The most interesting in the project is the evolution of its weapons. In 2002, the British military, choosing the version of the deck fighter, stopped at the F-35B, which is made according to the STOVL scheme (“short takeoff, vertical landing”).
However, around 2009, discussions began about equipping ships with an electromagnetic catapult to launch “full-fledged” deck-based aircraft, including those that could be replaced by F-35 in the future. As a result, in 2010, the military reoriented from the F-35B version to the F-35C version, which the US navy intends to order to replace the F / A-18 multi-purpose fighter jets.
It should be noted that version C has better flight and performance characteristics than version B, in particular, a larger combat radius (1140 km versus 870) and a wider range of combat load. In addition, the F-35C is somewhat cheaper both with the purchase and in operation, which can provide significant savings when operating with a fleet of several dozen aircraft.
However, the limiting factor here is the readiness of the British budget to incur additional costs for re-equipping ships. While in 2010, the cost of re-equipping one ship was estimated at 951 million pounds, while in 2012, the military department already called the figure of 2 billion pounds.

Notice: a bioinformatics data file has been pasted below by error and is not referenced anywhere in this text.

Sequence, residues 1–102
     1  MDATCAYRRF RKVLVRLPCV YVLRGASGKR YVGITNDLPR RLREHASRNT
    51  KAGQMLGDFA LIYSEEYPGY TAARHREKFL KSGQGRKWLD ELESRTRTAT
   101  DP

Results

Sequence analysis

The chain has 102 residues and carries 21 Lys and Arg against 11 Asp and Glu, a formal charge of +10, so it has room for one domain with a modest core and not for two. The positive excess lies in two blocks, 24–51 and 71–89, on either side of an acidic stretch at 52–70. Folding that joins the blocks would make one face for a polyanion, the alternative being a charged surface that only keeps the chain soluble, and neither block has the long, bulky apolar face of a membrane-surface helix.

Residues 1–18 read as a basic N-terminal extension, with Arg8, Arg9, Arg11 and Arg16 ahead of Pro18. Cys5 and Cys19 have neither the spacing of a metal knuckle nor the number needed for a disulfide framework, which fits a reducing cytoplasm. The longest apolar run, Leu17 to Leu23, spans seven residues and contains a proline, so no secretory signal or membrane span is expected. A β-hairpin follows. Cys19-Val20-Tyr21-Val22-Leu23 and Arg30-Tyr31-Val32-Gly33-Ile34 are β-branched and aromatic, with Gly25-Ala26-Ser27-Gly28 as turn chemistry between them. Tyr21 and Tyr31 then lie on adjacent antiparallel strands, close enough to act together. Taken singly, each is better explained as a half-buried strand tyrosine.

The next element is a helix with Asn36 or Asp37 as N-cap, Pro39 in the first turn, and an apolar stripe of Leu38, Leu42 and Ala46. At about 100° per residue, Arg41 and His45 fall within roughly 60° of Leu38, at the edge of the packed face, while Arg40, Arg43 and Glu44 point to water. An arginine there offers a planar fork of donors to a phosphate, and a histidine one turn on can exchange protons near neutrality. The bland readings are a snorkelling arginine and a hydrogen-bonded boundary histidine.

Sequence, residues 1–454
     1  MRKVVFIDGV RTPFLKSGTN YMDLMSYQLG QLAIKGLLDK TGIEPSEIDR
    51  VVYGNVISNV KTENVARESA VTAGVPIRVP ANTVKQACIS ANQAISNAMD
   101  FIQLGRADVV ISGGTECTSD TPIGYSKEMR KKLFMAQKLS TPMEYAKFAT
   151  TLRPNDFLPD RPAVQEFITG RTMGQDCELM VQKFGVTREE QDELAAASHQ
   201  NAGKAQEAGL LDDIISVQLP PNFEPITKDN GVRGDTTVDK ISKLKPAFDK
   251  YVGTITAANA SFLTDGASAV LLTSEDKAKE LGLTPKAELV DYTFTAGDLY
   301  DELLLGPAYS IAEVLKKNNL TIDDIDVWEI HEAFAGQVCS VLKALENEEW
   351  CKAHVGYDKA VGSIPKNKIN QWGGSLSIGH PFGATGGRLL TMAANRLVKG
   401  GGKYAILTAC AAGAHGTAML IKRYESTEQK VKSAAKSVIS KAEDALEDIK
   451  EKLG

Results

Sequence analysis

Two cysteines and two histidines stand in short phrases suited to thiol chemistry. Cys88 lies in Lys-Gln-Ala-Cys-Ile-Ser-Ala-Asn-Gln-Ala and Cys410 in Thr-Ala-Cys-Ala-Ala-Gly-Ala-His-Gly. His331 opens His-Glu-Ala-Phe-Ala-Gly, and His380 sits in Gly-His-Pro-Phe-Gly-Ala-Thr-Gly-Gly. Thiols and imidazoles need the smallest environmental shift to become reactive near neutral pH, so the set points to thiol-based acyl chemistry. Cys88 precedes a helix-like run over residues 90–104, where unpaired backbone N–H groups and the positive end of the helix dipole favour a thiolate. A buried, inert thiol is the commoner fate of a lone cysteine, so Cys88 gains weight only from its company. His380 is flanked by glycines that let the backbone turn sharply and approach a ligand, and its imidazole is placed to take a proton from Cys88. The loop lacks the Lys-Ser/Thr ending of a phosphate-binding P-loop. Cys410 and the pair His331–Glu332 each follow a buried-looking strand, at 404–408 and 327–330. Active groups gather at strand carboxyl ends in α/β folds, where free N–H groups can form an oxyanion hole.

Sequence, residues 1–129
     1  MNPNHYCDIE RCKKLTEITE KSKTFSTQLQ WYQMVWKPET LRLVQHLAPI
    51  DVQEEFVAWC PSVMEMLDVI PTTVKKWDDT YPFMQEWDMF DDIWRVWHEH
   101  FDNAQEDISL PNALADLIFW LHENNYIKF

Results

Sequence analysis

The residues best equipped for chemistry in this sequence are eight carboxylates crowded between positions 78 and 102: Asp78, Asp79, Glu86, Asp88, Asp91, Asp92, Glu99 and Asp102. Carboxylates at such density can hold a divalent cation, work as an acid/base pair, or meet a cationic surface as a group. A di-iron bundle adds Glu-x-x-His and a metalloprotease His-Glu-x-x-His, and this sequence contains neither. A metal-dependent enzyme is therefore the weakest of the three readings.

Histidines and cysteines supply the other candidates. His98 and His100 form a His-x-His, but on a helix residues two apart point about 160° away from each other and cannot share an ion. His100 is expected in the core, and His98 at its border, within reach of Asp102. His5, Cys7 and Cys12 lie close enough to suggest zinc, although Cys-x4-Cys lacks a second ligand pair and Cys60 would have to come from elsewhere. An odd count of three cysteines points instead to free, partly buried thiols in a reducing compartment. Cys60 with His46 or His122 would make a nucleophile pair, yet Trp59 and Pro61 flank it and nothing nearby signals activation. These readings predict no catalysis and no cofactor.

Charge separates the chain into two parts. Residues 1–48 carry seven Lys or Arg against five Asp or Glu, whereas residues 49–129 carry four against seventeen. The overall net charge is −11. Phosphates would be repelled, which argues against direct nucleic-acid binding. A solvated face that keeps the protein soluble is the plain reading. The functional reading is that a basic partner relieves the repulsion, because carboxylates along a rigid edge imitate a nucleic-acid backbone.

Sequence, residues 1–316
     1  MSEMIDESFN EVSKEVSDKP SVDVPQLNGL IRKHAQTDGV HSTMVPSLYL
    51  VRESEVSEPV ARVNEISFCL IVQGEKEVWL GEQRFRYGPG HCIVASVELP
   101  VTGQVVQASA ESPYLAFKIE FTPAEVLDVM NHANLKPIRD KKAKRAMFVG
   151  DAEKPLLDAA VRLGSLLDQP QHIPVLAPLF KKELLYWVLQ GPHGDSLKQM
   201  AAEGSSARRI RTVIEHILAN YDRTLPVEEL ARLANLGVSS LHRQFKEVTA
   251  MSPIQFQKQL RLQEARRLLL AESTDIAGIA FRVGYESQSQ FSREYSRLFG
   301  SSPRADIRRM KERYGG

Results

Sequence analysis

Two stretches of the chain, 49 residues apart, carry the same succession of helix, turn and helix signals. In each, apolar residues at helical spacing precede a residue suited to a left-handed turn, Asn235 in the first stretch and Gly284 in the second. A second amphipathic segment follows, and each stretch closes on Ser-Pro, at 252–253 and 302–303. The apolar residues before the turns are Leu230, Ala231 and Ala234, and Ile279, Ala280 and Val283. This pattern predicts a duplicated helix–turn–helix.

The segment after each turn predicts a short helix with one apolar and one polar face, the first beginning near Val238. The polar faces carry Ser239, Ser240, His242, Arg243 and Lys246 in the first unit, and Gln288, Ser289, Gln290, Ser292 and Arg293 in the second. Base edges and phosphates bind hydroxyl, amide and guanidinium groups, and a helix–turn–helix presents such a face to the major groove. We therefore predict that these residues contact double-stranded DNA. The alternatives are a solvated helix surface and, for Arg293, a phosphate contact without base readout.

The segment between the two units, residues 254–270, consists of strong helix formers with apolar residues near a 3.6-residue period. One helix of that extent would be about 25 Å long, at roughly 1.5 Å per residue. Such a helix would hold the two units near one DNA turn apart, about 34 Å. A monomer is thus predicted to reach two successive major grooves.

As far as can be judged, it is this factor that played its role against the background of the growing financial difficulties of the British budget. The problem was added by the shift in the time of commissioning of the ship - approximately until 2020. Recall that by that time Britain had already withdrawn the aircraft carrier Ark Royal from the composition, and the military would hardly have accepted the increase in the terms of the construction of the Queen Elizabeth. As a result, in May 2012, the military department returned to the purchase of F-35B, and Queen Elizabeth will receive a springboard for a shortened take-off of these aircraft.
The weak point of the British carrier forces is the situation lighting system. Neither the CVF nor the previous ships of the Invincible type have the capacity to operate a full-fledged long-range radar detection and control aircraft. Such a chance existed if the British military chose an ejection version of the CVF, but at the moment it is lost. Sea King's AEW.2 and ASaC.7 radar patrol helicopters can hardly be considered an equivalent replacement.
The fate of the second ship of the program, the construction of which was begun in 2011, is not clear (the first metal was cut for hull structures). The final decision on completion will be made after 2015.